Projects in Social Evolution
|Niveau:||Bachelor, Outside course scope|
All organisms interact with members of their own species and with other species, meaning that all life is essentially social. Social interactions can be either beneficial (cooperation, mutualism) or harmful (parasitism; cheating on social partners). The theory behind social evolution is very well established, so that we can test hypotheses and predict outcomes of interactions in a range of different organisms.
Specializing in this area will provide you with a general understanding of biological adaptation by natural selection, which gives you qualifications that you can apply in later projects, and in future classes and jobs. The field of social evolution also includes evolutionary medicine, which asks why natural selection has not removed human vulnerability to infectious and degenerative diseases.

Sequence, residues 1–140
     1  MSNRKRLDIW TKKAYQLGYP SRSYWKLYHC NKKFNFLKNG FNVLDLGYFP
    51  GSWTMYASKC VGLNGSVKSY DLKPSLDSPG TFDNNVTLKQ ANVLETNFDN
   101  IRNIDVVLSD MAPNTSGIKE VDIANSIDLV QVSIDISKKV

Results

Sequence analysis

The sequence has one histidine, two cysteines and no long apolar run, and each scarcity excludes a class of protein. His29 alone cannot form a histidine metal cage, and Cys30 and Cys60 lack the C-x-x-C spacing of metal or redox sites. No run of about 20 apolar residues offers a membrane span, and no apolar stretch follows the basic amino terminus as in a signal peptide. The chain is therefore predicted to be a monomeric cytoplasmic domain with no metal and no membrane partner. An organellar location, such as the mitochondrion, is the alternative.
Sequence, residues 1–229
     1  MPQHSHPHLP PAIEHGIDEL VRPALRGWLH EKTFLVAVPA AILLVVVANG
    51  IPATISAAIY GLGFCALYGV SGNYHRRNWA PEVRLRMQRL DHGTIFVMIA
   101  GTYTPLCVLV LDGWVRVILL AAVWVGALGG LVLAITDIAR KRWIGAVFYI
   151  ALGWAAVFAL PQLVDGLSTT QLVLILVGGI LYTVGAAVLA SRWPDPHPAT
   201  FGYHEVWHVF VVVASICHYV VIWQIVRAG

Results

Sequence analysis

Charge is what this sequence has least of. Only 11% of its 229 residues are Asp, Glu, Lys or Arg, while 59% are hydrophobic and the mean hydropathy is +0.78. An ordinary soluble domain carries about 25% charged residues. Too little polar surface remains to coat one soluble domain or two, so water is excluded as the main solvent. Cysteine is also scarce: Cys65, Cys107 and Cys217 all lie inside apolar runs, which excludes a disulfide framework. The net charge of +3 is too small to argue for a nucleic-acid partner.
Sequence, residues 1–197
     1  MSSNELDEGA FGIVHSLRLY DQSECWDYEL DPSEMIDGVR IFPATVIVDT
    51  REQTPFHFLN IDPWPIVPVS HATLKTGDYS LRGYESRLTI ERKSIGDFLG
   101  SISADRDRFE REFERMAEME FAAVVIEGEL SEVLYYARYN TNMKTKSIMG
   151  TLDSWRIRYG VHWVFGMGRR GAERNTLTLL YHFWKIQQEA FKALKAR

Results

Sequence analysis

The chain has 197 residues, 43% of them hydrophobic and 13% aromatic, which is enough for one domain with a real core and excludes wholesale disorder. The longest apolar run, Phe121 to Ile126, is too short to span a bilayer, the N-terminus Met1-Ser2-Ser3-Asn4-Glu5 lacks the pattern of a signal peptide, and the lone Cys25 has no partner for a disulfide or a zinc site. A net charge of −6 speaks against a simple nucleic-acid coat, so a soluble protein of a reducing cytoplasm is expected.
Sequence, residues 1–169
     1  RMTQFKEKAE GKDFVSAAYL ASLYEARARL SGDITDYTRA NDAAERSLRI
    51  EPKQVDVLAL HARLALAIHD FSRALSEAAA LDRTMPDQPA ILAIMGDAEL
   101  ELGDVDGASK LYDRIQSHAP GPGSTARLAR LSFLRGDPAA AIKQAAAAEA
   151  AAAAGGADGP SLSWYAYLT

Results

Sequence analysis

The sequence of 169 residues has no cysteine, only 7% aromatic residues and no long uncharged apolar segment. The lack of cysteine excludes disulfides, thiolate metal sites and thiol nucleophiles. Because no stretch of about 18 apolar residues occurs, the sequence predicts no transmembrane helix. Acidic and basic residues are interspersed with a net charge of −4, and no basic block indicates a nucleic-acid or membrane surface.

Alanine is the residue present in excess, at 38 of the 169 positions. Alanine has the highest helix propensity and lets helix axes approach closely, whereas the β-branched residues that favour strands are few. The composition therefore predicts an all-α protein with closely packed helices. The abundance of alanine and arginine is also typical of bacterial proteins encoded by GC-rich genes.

Practical research focuses on ants and termites and their associated mutualistic and parasitic symbionts. Projects will usually combine conceptual training with hands-on experience with lab experiments, field biology and (for evolutionary medicine) analysis of big public health data.
|Keywords:||natural selection, cooperation, conflicts|
|Vejleder(e):||Jacobus Boomsma, David Nash, Michael Poulsen and/or Jonathan Z. Shik|